Cancer is not a ringing bell,
a queen of spades. Cancer is not
your mother’s hand-me-down, strung like
pearls along the lymph nodes,
smoky quartz clustered in the caving lung,
opals singing their blues in the neurons,
a solitaire promise kept by the breast,
a little story of family bitterness
tucked away in a velvet nook.
Cancer is not what you get.
That guy there: he doesn’t have it.
Look at how he lives on the chemical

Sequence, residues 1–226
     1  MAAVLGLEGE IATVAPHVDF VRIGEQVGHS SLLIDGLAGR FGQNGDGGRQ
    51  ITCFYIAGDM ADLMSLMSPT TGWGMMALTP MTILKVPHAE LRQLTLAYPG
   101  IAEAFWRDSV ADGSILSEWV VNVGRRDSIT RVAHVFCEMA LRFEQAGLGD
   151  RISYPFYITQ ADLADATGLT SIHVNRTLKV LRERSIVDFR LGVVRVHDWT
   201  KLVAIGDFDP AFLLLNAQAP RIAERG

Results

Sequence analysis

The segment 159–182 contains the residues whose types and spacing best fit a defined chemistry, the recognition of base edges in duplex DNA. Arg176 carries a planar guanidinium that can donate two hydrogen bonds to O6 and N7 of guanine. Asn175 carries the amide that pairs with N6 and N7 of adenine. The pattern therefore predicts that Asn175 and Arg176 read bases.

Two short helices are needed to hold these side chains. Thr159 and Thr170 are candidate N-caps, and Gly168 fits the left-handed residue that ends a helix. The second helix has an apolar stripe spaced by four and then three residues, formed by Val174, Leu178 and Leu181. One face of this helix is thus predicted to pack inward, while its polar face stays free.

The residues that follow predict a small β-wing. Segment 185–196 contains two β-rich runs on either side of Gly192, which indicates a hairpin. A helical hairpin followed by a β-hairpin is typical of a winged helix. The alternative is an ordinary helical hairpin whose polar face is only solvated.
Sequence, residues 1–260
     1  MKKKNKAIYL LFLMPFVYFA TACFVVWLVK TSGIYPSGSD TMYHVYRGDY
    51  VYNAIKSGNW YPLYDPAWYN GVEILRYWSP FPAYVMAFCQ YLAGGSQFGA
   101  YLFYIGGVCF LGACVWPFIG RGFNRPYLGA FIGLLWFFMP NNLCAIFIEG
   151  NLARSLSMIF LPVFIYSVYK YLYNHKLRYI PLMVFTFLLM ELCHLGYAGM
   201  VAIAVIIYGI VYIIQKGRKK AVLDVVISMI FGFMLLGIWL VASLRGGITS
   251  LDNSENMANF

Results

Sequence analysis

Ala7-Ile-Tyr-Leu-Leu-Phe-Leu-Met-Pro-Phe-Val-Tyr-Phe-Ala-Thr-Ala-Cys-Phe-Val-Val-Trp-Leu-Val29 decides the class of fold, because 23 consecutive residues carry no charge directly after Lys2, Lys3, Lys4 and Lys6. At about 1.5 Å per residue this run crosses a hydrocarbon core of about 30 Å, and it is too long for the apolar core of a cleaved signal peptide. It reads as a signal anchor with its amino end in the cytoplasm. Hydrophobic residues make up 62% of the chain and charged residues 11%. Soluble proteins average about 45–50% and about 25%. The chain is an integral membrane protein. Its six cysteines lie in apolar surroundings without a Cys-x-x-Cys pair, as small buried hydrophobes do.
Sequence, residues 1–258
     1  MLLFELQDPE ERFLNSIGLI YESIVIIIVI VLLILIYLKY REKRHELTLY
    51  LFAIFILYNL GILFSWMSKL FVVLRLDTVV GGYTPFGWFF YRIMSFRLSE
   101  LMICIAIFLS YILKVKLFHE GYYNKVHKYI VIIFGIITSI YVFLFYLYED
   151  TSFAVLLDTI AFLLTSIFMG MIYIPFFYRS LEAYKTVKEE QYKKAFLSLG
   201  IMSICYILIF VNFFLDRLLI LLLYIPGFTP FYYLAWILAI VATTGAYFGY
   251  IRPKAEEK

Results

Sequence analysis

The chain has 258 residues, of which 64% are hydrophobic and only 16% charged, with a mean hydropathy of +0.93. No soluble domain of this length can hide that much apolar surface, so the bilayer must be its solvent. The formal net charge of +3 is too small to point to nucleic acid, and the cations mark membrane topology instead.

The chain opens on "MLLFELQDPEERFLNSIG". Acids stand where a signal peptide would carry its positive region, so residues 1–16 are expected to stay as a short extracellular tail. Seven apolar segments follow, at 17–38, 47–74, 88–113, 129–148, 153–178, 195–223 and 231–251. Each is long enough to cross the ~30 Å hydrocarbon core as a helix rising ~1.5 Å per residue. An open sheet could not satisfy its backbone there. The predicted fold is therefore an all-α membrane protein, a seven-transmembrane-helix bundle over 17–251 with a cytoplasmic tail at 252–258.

yellow fats of the land and leaves to the lean
the steeplejack’s providence.
He may yet die without it. Still, it seems
cancer is everywhere now.
I feel it coming for me, a rattling
under the eaves, a sudden mood gathering
in the west, in its throat a new sorrow.
It might level my hometown
or veer south for the neighbor’s
or winter. Nothing I do will force it
to decide—eat my chard, act with integrity,
chuck it all and sleep on a Turkish beach.
Cancer is not cosmic justice, it is a hawk’s
long night in my yard. It is the sticky bits
of grouse left there this morning,
the torn stomach spilling whole berries.
They glow like tourmalines.